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Boost.Python Tutorial

Joel de Guzman

David Abrahams

Distributed under the Boost Software License, Version 1.0. (See accompanying file LICENSE_1_0.txt or copy at

Table of Contents

Building Hello World
Exposing Classes
Class Data Members
Class Properties
Class Virtual Functions
Virtual Functions with Default Implementations
Class Operators/Special Functions
Call Policies
Default Arguments
Object Interface
Basic Interface
Derived Object types
Extracting C++ objects
Creating boost::python::object from PyObject*
Using the interpreter
Exception Translation
General Techniques
Creating Packages
Extending Wrapped Objects in Python
Reducing Compiling Time

The Boost Python Library is a framework for interfacing Python and C++. It allows you to quickly and seamlessly expose C++ classes functions and objects to Python, and vice-versa, using no special tools -- just your C++ compiler. It is designed to wrap C++ interfaces non-intrusively, so that you should not have to change the C++ code at all in order to wrap it, making Boost.Python ideal for exposing 3rd-party libraries to Python. The library's use of advanced metaprogramming techniques simplifies its syntax for users, so that wrapping code takes on the look of a kind of declarative interface definition language (IDL).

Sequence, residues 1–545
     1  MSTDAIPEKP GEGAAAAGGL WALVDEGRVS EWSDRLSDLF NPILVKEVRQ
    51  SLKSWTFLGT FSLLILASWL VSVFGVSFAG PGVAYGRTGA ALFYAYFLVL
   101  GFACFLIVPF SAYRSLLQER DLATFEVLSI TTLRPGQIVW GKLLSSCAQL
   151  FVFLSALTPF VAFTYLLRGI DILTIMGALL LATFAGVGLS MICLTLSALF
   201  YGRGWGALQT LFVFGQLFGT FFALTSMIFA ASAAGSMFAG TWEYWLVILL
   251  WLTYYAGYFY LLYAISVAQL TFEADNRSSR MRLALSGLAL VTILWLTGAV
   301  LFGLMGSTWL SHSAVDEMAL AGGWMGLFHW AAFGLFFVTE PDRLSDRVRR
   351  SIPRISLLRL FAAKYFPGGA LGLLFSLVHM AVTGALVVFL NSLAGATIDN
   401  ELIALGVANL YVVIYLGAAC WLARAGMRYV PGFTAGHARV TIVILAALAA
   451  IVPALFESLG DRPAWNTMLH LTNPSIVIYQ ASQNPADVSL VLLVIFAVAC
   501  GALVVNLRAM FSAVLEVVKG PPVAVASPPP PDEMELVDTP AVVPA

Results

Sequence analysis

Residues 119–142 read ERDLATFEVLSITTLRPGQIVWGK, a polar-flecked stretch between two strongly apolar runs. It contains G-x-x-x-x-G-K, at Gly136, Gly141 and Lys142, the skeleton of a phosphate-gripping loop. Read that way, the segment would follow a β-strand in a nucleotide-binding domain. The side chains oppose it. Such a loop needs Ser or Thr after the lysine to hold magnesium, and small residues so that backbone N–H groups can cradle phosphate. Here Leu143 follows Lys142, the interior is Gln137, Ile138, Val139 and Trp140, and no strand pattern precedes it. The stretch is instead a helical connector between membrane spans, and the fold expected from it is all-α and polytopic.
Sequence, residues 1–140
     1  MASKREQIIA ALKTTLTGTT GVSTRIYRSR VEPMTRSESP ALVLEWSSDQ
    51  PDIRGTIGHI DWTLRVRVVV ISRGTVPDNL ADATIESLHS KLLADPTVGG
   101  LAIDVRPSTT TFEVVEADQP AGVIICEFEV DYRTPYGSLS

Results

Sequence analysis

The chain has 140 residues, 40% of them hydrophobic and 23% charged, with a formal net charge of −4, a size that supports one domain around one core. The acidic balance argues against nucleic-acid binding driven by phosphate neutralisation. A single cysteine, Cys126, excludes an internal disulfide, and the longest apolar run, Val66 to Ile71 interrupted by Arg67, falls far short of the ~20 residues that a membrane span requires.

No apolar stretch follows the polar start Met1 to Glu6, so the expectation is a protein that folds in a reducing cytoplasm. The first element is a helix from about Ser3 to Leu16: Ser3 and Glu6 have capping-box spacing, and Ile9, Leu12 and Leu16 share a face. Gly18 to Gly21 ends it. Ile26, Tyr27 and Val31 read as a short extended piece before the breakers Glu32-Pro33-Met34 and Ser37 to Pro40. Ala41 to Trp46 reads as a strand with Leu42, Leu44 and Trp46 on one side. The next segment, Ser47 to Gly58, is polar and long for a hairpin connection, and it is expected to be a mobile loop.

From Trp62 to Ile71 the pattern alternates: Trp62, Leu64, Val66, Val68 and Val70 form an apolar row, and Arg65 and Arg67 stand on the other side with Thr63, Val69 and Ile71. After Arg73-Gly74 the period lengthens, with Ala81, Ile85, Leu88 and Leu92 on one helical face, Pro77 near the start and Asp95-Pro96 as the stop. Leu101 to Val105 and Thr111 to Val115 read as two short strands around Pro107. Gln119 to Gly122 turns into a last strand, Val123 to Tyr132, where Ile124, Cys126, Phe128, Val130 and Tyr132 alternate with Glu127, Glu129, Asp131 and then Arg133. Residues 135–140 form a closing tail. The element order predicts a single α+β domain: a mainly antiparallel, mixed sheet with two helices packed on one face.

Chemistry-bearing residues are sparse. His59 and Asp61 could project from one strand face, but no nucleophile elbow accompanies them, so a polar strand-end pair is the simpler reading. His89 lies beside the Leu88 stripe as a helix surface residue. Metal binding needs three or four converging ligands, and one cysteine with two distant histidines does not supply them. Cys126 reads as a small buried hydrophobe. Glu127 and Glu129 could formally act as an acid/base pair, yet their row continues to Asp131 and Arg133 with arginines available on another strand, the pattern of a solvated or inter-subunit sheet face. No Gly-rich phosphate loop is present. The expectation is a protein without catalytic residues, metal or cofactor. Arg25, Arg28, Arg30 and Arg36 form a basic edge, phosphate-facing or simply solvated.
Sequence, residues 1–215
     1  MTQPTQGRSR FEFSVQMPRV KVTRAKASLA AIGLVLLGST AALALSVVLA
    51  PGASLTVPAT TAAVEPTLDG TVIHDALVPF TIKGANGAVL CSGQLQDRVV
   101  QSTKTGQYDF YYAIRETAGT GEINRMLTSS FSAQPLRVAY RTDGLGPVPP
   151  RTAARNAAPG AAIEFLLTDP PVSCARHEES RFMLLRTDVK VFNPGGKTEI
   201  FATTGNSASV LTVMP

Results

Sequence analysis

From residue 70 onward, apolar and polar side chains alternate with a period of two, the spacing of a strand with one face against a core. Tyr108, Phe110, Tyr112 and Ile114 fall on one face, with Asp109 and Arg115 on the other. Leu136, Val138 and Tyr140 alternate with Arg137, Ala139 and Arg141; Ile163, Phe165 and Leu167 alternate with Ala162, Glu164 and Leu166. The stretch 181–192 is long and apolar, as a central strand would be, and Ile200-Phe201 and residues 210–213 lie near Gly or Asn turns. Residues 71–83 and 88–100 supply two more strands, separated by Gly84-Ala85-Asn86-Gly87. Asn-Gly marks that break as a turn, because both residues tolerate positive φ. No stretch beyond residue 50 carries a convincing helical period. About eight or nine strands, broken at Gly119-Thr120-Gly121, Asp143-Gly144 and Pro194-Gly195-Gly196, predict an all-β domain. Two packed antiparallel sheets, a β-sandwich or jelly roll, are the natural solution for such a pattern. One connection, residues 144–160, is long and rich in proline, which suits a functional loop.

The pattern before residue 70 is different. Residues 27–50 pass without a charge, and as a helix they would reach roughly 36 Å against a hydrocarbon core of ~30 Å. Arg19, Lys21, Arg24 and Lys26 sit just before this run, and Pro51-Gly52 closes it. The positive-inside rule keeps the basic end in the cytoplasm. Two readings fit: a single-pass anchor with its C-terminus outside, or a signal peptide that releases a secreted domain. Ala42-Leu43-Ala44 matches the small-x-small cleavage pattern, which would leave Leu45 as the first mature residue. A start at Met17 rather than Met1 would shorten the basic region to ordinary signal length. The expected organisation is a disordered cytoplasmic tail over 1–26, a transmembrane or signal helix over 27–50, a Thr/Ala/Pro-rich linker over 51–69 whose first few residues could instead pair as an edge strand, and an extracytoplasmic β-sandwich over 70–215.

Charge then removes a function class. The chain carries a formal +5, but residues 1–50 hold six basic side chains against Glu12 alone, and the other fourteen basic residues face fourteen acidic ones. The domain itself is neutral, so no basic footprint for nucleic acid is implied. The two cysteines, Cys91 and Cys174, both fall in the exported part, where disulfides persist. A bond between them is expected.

Hello World

Following C/C++ tradition, let's start with the "hello, world". A C++ Function:

char const* greet()
   return "hello, world";

can be exposed to Python by writing a Boost.Python wrapper:

#include <boost/python.hpp>

    using namespace boost::python;
    def("greet", greet);

That's it. We're done. We can now build this as a shared library. The resulting DLL is now visible to Python. Here's a sample Python session:

>>> import hello_ext
>>> print hello_ext.greet()
hello, world

Next stop... Building your Hello World module from start to finish...

Last revised: December 22, 2016 at 12:48:08 GMT